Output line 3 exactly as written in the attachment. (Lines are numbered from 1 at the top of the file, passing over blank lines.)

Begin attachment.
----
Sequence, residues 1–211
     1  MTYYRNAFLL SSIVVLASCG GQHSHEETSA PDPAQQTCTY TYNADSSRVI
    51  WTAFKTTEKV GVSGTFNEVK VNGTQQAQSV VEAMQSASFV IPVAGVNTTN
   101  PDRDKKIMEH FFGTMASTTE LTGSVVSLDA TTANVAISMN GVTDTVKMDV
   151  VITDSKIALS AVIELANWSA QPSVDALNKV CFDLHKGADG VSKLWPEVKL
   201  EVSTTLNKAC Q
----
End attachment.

    51  WTAFKTTEKV GVSGTFNEVK VNGTQQAQSV VEAMQSASFV IPVAGVNTTN